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O'Neill Leary v. Delarosa

United States District Court, W.D. Virginia, Harrisonburg Division

June 21, 2017

ESTEBAN DELAROSA, JR., . Defendants.


          Michael F. Urbanski United States District Judge

         This matter comes before the court on defendants Esteban Delarosa, Jr. and SDR Trucking, LCC's motion to strike, ECF No. 33, and motion for summary judgment, ECF No. 20.[1] Plaintiff Kathleen O'Neill Leary responded to these motions, ECF Nos. 27, 39, and defendants replied, ECF Nos. 34, 40. The court addressed these matters at a hearing on April 6, 2017. For the reasons set forth below, the court will deny defendants' motion for summary judgment and the related motion to strike.


         This case is about an auto accident that occurred on December 26, 2012 on Interstate 81 in Frederick County, Virginia. Delarosa, as an employee of SDR Trucking, [2] was driving a semi-trailer truck that collided with plaintiff O'Neill Leary's suburban utility vehicle ("SUV"). O'Neill Leary alleged injuries and filed suit in Frederick County Circuit Court against Delarosa and SDR Trucking for negligence, claiming $500, 000 in damages. Defendants removed this case to federal court on July 19, 2016 under diversity jurisdiction.

         At the time of the accident, snow and freezing rain made for slippery roads and poor visibility. O'Neill Leary and Delarosa were travelling northbound on 1-81 when O'Neill Leary engaged her brakes and her SUV began to slide. See PL's Dep., ECF No. 46, at 48:3-4 ("I tapped my brakes and my rear tires fishtailed."); Delarosa Dep., ECF No. 44, at, 31:5-7 ("[S]he starts to hit the brakes. Then she spins out. She starts to spin."). Delarosa, who was travelling behind O'Neill Leary, "pump[ed the] brakes" to avoid colliding with her SUV. Delarosa Dep., 32:2-10, 35:14. His efforts were unsuccessful and the front of Delarosa's truck collided with the rear of O'Neill Leary's SUV. Delarosa Dep., 37:12-21.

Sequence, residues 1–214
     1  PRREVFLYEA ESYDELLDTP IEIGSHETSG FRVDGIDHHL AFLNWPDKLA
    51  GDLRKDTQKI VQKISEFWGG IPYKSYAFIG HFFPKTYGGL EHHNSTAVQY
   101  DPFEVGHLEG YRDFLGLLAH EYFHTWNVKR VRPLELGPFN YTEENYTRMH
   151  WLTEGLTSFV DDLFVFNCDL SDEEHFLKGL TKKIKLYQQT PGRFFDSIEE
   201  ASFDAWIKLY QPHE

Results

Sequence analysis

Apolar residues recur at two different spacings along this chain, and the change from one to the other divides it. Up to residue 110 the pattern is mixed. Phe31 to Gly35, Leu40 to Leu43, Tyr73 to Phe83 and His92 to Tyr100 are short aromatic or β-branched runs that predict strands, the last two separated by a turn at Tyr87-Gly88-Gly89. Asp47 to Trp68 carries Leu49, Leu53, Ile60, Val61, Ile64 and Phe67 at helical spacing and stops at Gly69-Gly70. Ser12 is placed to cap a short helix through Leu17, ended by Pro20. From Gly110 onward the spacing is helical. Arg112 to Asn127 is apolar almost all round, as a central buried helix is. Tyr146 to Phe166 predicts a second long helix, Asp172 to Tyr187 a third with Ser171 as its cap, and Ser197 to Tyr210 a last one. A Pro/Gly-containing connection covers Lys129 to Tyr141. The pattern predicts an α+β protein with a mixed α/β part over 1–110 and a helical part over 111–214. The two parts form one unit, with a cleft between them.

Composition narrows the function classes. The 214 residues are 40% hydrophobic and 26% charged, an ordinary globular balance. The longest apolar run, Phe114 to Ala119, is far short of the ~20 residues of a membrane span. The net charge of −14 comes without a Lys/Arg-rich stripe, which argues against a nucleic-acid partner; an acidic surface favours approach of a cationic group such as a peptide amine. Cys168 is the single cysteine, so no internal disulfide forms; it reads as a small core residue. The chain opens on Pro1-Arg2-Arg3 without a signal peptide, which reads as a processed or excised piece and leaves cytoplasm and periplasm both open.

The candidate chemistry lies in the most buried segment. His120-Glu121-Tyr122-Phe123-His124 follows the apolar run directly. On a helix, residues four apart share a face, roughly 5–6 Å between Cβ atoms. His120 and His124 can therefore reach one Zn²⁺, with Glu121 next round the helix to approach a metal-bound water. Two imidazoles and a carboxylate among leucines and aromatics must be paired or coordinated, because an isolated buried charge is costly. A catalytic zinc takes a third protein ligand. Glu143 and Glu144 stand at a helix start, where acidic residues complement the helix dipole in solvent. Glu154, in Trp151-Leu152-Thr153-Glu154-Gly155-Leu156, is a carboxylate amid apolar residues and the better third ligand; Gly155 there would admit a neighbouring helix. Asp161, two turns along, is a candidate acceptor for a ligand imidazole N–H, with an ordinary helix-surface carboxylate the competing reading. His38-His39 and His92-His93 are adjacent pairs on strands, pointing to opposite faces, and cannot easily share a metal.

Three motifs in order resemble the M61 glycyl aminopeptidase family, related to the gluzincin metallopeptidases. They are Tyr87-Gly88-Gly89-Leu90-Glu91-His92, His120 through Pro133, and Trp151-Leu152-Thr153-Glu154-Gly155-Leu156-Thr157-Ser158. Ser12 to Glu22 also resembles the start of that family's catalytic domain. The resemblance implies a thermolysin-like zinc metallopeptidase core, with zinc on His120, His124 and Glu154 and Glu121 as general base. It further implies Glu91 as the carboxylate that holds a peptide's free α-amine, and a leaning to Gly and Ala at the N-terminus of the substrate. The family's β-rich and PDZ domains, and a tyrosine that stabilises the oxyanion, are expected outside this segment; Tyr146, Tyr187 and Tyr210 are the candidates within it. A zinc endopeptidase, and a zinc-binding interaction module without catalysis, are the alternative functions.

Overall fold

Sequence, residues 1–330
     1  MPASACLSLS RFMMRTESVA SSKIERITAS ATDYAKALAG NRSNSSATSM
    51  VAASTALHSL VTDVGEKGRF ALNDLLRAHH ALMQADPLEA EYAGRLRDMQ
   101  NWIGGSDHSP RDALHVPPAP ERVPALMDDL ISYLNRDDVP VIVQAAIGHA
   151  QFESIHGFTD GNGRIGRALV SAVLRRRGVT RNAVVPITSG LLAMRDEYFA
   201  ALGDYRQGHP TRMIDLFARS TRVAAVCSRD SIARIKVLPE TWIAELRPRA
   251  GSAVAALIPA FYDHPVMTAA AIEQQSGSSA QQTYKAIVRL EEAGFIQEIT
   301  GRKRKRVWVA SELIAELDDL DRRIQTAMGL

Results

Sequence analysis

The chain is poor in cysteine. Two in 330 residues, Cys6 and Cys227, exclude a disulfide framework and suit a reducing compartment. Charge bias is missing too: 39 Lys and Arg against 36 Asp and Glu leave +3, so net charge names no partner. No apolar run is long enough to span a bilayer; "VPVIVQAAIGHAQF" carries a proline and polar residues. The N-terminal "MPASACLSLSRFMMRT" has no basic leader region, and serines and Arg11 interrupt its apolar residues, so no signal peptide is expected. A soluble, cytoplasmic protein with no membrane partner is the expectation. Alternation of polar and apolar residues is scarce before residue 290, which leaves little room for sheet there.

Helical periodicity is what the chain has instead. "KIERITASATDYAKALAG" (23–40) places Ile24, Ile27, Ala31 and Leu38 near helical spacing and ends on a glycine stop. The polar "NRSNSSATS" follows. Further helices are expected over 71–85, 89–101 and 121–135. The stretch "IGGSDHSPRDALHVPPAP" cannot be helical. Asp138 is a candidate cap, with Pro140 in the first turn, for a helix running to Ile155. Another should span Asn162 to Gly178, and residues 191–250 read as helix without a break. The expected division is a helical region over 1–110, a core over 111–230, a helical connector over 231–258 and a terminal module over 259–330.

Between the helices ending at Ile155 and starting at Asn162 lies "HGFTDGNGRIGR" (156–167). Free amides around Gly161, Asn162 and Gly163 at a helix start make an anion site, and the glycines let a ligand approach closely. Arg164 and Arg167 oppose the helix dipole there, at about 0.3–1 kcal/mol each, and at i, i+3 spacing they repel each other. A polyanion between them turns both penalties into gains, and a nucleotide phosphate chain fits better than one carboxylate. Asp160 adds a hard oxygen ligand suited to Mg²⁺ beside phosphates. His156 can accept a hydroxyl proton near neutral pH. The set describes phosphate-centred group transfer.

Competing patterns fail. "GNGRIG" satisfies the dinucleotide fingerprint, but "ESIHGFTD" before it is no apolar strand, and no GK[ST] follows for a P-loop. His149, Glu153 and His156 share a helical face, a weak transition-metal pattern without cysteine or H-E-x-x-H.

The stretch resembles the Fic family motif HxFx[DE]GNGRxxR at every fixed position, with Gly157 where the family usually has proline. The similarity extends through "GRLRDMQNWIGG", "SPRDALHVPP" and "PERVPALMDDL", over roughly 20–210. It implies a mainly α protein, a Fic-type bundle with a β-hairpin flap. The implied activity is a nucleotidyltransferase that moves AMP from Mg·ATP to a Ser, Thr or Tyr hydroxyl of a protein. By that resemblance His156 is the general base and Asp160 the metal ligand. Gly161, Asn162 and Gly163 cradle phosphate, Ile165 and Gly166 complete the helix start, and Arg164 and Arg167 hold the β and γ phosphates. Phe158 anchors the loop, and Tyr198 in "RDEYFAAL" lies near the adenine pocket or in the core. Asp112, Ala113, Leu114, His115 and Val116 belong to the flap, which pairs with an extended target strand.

State Police Trooper Joshua Myers attended to the accident and issued citations to both Delarosa and O'Neill Leary. Delarosa received a ticket for following too closely in violation of Virginia Code § 46.2-816, which subjected him to a fine. Va. Code Ann. § 16.1-69.40:1; Rules of the Supreme Court of Virginia 3B:2. Delarosa prepaid the penalty associated with the citation. Com, v. Delarosa, GT13000167-00 (Va. Gen. Dist. finalized Feb. 25, 2013). O'Neill Leary received a ticket for reckless driving in violation of Virginia Code § 46.2-852. She appeared before the Frederick General District Court, which dismissed her citation by nolle prosequi. Com, v. O'Neill-Leary. GT13000168-00 (Va. Gen. Dist. finalized May 21, 2013).[3]


         Defendants move to strike O'Neill Leary's filings in opposition to summary judgment because she submitted those filings beyond the deadline set forth in the Scheduling Order. ECF No. 33. The Scheduling Order requires opposition briefs to be filed within fourteen days of the date of service of the movant's brief. ECF No. 17 ¶ 8. Defendants filed their motion for summary judgment on February 7, 2017. ECF No. 21. O'Neill Leary filed her response in opposition to summary judgment, ECF No. 27, and supporting brief, ECF No. 28, on March 6, 2017, twelve days past the deadline.[4] These delayed circumstances, defendants assert, "compel the conclusion that Plaintiffs recent filings with this Court be stricken." ECF No, 34, at 6. Defendants further contend that as a consequence of striking O'Neill Leary's opposition to summary judgment, defendants' motion for summary judgment would be unopposed, and therefore, the court must dismiss this action with prejudice. ECF No. 40, at 1.